China’s announcement of a cap-and-trade program to limit its emissions is yet another sign that the world’s governments are finally getting serious about addressing climate change. And some of the world’s biggest fossil fuel-dependent companies are eager to help.
Oil giant Royal Dutch Shell, coal mining behemoth BHP, and energy industry supplier General Electric are teaming up with a range of other firms including consulting firm McKinsey, “to advise governments on how to combat global warming without weakening their economies,” the Financial Times reports.
The commission, made up of leaders from the public sector, fossil fuel industry, and renewable energy groups, aims to be an engine for both economic growth and climate change reform, according to its newly launched website. More details are due to be announced at an event in Texas on Monday.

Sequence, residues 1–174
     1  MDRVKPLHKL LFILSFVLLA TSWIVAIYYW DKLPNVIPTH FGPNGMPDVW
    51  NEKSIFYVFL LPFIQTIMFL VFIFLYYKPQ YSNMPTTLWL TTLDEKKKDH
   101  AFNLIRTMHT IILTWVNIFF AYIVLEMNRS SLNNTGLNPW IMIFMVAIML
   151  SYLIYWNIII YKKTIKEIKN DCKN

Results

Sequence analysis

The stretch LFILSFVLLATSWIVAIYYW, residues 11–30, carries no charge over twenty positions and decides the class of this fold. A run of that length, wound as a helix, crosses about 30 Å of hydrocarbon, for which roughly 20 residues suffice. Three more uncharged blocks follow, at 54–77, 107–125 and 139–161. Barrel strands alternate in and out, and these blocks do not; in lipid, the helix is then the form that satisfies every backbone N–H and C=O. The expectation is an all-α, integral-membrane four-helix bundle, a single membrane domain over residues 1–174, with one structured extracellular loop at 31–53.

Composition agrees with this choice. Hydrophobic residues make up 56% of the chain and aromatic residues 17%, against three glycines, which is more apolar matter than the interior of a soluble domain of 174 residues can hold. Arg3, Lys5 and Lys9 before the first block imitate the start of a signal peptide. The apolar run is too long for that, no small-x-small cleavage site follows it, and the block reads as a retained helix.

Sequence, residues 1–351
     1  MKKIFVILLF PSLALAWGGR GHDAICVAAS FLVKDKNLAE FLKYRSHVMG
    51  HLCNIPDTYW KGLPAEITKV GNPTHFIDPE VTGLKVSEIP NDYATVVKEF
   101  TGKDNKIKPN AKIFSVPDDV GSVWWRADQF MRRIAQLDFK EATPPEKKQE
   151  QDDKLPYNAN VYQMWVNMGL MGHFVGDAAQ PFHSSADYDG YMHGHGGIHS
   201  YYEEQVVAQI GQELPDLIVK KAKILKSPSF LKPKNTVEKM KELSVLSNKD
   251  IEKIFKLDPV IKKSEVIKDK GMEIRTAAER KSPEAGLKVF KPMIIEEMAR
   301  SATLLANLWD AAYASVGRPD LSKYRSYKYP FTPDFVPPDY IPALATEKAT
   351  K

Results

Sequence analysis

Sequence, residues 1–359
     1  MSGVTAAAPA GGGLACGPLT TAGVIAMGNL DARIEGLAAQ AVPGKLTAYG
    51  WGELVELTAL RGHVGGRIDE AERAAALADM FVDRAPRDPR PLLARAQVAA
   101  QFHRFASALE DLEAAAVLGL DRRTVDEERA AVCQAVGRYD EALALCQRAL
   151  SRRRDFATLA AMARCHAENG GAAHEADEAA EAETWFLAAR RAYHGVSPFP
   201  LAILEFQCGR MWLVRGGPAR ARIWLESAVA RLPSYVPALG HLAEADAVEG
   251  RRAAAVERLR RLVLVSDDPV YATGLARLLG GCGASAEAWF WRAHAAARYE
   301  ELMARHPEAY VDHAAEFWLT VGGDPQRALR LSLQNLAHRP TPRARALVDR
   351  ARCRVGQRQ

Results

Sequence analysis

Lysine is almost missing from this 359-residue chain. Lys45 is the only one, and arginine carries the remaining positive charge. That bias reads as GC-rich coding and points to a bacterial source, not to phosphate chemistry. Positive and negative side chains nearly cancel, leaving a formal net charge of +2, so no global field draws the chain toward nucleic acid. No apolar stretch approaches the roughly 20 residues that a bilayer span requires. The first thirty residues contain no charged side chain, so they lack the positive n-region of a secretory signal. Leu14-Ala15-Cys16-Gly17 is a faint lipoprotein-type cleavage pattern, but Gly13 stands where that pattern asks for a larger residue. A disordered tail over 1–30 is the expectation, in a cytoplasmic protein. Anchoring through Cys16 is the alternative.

But the idea that fossil fuel companies are eager to solve the problems they have heavily contributed to may not sit well for many.
“The first task of [Shell’s] ‘Energy Transitions Commission’ may be to convince skeptics of its sincerity and impartiality,” Gerard Wynn wrote on the Energy and Carbon blog.
Shell’s chief executive Ben van Beurden, while acknowledging that solar will one day become “the dominant backbone of our energy system, certainly of the electricity system,” told the BBC last week that the transition will take decades, a period in which fossil fuels will predominate.